"This controversy is going to happen everywhere. It's going to happen in all 50 states. This controversy is not going away," said Jeff Tamblyn, 52, an owner of Merriam, Kan.-based Origin Films, which is making a feature film about the current fight over whether to introduce a more critical approach to evolution in Kansas' school science standards.
So far in 2005, the issue of evolution has sparked at least 21 instances of controversy on the local and/or state level in at least 18 states, according to the National Center for Science Education, an Oakland, Calif.-based nonprofit organization that defends the teaching of evolution in public schools. Although such controversies regularly have occurred over the years, some attribute the recent wave to the success of conservatives in 2004 elections.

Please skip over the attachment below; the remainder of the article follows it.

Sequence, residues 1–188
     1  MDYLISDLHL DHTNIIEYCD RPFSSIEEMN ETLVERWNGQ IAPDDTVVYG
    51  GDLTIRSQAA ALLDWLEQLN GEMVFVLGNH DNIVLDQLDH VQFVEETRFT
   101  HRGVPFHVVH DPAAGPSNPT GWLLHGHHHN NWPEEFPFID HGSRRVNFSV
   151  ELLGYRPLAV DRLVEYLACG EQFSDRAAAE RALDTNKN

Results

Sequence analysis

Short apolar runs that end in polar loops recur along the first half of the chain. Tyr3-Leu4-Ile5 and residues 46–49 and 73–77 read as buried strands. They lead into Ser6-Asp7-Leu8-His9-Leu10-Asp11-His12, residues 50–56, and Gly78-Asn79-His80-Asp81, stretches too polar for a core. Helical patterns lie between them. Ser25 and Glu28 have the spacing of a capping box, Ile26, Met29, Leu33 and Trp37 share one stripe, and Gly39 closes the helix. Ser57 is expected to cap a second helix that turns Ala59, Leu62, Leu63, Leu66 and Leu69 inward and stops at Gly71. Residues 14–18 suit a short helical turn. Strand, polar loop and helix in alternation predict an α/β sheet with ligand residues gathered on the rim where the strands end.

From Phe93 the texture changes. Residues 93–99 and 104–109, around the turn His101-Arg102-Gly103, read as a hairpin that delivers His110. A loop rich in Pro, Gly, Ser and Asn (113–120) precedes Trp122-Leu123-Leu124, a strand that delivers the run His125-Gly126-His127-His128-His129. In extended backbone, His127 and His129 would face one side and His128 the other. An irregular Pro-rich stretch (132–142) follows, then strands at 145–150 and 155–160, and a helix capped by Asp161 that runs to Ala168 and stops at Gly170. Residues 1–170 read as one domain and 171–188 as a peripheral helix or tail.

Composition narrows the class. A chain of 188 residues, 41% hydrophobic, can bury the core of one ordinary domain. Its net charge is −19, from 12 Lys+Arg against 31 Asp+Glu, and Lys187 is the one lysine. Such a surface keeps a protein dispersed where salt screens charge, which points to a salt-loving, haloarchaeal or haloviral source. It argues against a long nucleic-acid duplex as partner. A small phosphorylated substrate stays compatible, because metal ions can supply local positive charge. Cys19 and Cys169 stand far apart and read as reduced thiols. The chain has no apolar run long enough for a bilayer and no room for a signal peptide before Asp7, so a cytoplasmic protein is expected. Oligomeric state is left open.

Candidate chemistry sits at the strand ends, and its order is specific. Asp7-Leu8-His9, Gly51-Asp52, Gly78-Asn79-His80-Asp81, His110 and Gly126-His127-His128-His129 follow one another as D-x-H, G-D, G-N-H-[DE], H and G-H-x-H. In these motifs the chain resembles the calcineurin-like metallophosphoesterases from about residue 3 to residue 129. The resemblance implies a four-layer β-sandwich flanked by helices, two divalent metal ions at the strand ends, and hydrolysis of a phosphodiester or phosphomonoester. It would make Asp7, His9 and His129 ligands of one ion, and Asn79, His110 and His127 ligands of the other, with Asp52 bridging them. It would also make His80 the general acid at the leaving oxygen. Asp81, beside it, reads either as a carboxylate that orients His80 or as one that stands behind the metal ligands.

At the national level, one attempt to diminish the prominence of evolution in public school curricula and introduce alternative views came in the form of a proposed amendment to the No Child Left Behind Act. Sponsored by Sen. Rick Santorum, R-Pa., the amendment suggested that evolution is in question among scientists and recommended that a "full range of scientific views" be taught. But it was cut from the bill.
Seeking to explain the passion that the issue often ignites, Tamblyn said, "Partly, it's the mixture of religion and politics. If that doesn't get you going, what does?"
Indeed, the theory of evolution, which some opponents say is consonant with atheism because it provides no role for the divine, has been provoking controversy since 1859, when Charles Darwin published "On the Origin of Species by Means of Natural Selection."